SONGS:

Rob Dickson, Rolling Blackouts Coastal Fever, Dead Sullivan, Henrik Appel, Cuesta Loeb, Protomartyr, Amos and Spencer, Fleabite, Thin Lips, Dumb, The Molochs, Spencer Radcliffe, Kevin Krauter, Bleeth, Everything By Electricity, Scattered Clouds, Susie Scurry, MOURN, The Rareflowers, Clean Spill, Guts Club, Darren Jessee, Orions Belte, Late Bloomer, Laurel Halo, The Ophelias, Freedom Baby, Kaitlyn Aurelia Smith, Alexander BIggs, Manatree, Runtom Knuten, Manchester Orchestra, Sun June, Angelo De Augustine, Ancestors, ShitKid, Icecapades, Deafheaven, Baby Blue, Frida, Cigarettes After Sex, R+R=NOW, Van Common, Hana Vu, The Dirty Nil, Stalagmites, Wild Nothing, Birdtalker, Jon Spencer, Two Meters, Claw Marks, El Ten Eleven, Birds In Row, Color Tongue, serpentwithfeet, Estrons, Echo Courts, Lazyeyes, Death Grips, Mom Jeans, Gold Star, and a massive offering from Ben Seretan (which accompanies a behemoth multimedia art project that’s worth tracking).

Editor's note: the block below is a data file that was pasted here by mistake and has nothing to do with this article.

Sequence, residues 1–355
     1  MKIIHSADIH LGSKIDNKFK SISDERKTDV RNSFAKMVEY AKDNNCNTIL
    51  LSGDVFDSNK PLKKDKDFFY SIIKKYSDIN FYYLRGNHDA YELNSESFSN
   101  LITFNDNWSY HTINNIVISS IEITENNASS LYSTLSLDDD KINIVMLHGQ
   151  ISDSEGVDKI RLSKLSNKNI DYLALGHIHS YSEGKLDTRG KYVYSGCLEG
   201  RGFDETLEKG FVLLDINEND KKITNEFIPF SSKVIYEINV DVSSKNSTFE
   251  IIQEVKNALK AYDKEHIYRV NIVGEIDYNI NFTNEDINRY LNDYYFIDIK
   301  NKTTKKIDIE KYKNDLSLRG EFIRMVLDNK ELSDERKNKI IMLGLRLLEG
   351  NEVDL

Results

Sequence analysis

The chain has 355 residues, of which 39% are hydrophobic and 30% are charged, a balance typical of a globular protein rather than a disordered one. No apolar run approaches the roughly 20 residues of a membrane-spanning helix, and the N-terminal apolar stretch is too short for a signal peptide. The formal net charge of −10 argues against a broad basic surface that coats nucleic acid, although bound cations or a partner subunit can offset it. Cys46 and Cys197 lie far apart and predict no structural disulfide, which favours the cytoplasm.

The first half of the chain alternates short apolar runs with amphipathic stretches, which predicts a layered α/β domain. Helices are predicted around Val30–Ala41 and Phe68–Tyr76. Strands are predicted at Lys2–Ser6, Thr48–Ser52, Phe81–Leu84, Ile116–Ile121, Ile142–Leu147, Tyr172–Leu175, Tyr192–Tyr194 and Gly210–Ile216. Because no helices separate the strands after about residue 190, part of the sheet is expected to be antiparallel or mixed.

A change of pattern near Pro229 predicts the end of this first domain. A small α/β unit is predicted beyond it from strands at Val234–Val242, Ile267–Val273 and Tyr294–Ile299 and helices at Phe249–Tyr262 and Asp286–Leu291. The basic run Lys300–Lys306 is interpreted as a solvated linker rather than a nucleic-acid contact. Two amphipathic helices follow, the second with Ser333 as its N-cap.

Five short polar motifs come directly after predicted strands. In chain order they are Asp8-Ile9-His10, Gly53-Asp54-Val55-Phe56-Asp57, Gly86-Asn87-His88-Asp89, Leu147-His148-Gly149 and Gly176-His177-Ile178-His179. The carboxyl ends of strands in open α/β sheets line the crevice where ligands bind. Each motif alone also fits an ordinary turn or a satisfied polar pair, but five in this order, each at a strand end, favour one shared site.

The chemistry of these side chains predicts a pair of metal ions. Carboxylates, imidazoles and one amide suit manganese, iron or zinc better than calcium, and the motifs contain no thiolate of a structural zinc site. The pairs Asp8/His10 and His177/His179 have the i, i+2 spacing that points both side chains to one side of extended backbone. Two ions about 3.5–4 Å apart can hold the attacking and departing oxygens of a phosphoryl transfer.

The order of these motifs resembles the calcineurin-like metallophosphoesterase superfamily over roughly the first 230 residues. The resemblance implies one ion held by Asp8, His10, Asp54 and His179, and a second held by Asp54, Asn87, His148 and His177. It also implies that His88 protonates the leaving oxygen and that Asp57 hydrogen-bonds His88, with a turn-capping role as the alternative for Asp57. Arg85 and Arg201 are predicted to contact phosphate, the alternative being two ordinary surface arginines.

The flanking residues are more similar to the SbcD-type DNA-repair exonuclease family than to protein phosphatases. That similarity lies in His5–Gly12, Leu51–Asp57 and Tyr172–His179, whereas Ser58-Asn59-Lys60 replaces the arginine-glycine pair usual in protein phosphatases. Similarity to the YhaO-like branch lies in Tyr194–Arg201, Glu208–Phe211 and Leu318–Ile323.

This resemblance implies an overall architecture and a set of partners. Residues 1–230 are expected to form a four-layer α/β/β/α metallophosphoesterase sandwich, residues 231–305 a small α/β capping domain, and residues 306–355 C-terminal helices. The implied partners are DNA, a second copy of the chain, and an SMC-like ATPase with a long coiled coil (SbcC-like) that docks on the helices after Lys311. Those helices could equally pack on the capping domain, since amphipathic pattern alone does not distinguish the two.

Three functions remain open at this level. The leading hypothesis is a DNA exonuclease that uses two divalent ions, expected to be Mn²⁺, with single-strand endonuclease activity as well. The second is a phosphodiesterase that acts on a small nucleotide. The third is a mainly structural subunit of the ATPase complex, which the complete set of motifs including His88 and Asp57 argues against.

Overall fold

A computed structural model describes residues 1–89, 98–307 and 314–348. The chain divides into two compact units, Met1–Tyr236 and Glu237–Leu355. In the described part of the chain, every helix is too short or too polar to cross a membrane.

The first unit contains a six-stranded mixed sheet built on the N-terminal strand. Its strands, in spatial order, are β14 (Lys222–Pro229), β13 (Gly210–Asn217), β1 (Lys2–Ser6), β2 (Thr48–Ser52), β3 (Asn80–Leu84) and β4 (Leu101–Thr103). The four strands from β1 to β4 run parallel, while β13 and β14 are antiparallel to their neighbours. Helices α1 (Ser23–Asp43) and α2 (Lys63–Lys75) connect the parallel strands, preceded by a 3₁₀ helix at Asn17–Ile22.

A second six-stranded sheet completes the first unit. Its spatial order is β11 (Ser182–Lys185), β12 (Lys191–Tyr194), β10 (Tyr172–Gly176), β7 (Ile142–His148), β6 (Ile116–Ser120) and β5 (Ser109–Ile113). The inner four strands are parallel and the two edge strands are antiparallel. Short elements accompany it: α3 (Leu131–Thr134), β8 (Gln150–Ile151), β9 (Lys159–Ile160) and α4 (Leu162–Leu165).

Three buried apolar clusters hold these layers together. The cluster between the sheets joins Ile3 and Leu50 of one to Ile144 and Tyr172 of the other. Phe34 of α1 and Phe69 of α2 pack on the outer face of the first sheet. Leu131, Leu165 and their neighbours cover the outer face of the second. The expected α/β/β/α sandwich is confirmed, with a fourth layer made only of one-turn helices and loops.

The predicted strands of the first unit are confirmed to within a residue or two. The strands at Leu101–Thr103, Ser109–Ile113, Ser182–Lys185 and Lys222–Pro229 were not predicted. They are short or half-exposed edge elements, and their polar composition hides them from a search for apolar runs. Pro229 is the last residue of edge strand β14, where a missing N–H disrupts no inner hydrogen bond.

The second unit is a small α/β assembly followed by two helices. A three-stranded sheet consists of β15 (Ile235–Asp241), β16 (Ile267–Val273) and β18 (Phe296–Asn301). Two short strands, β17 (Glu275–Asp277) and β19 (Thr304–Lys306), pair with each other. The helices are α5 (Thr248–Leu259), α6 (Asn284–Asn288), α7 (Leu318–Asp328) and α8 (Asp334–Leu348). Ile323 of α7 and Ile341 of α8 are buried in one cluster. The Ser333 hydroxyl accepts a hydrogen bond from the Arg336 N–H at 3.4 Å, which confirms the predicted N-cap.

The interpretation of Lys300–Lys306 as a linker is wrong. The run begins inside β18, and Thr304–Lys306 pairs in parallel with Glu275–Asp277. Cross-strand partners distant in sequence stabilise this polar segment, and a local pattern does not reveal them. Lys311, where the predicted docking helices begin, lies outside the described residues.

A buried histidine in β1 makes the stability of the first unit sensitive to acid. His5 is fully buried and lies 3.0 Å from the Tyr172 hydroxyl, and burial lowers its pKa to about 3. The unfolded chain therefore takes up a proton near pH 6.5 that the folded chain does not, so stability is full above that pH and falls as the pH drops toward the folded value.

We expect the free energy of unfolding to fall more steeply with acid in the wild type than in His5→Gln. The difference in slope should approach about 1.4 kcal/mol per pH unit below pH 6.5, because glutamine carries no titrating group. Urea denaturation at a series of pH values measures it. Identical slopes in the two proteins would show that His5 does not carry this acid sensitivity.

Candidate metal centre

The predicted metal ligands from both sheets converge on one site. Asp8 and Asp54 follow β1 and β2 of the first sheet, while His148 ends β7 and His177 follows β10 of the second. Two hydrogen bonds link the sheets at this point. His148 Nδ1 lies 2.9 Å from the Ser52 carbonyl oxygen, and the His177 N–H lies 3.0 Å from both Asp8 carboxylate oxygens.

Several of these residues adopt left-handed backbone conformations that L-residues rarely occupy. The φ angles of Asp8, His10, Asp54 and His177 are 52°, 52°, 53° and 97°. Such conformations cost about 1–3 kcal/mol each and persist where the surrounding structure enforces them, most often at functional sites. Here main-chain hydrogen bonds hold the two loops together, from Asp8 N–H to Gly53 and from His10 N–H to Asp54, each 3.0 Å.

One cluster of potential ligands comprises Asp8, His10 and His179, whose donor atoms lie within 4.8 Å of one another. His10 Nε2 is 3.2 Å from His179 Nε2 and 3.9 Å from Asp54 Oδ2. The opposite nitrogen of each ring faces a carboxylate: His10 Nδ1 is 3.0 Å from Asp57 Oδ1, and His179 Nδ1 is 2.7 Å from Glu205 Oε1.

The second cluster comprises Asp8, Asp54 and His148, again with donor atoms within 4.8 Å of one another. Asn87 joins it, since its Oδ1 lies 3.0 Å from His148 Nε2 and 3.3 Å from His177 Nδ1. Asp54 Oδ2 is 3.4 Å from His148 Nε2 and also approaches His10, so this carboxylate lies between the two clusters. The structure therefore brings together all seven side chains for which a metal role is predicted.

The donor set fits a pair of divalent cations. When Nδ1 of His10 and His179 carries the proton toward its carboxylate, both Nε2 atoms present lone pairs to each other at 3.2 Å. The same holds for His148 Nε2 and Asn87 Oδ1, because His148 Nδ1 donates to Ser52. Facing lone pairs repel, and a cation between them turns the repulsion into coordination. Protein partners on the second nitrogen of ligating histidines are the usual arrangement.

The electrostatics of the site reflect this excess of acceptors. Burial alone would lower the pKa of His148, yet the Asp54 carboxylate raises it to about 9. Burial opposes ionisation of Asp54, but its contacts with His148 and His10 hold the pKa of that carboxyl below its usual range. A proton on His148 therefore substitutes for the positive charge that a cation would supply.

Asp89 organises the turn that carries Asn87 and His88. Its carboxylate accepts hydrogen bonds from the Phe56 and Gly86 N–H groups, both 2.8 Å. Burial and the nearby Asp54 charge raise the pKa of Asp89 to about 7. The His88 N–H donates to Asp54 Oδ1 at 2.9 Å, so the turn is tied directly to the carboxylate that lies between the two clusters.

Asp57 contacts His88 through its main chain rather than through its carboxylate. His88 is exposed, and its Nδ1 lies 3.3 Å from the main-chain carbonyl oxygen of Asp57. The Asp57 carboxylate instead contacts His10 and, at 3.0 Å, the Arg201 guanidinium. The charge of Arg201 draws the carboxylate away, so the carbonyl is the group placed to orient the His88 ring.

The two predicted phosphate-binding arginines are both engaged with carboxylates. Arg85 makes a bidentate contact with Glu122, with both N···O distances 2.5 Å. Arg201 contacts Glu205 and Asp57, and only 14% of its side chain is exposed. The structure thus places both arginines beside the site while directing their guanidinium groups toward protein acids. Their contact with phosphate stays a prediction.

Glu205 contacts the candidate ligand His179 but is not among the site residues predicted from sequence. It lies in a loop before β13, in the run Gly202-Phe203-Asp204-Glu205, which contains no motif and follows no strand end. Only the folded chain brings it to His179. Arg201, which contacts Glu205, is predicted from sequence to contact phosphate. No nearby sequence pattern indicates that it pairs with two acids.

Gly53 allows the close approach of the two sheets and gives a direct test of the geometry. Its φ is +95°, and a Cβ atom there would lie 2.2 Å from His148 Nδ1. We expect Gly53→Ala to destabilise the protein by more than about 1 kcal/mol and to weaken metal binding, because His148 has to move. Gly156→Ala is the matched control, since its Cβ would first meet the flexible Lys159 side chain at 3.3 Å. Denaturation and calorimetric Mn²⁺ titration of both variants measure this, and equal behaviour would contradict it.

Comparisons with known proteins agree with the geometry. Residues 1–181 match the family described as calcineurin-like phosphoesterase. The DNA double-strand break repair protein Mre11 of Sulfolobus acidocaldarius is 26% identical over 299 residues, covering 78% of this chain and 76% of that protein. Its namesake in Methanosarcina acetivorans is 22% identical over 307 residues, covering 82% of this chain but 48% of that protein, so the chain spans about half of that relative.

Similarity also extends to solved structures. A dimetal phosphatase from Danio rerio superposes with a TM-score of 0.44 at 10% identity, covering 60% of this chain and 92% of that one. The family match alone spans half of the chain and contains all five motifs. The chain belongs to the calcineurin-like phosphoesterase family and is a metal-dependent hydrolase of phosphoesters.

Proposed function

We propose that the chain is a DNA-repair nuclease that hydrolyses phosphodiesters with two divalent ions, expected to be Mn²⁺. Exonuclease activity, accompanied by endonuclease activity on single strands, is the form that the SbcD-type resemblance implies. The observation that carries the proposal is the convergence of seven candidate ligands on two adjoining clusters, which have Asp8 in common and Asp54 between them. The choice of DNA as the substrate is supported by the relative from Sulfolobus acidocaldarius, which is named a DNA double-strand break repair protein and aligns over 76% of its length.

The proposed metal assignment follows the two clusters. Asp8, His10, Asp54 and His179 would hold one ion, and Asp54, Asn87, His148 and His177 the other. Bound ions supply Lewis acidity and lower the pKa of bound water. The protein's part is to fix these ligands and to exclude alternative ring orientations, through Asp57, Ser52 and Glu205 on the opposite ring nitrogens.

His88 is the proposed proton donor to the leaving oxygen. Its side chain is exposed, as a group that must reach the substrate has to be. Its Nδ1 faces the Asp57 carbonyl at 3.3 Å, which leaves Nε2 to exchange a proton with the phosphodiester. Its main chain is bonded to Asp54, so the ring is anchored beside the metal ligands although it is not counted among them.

MUSIC VIDEOS:

Clearance, Strange Relations, Death Bells, LIFE, oso oso, The Essex Green, White Woods, Devon Welsh, NEEDS, Thirsty Curses, lemin., Spiritualized, Cold Fronts, Empath, Dirty Projectors, Anna Calvi, VedeTT, The Beths, Cornelia Murr, King Princess, The Fur Coats, Stringer, The Due Diligence, NOTHING, Howard, White Denim, Animal House, and Sad Baxter.

FULL STREAMS: 

Miranda Winters, Petal, Spiritual Cramp, Deux Trois, Dark Thoughts, Dos Santos, Some Gorgeous Accident, Johnny Conqueroo, Tancred, Blushh, Juliana Daugherty, Giant Peach, Hala, Anthony Green, Two Meters, Cold Meat, June Gloom/Rock Solid, CASCINE and Stadiums & Shrines’ Dreams compilation, Palberta, Bloody Knives, Will Henriksen, Surf Dads, God Bless Relative, GRLWood, and Ana Egge.

Good Grief – Here Come the Waterworks (EP Review, Stream, Live Video Presentation)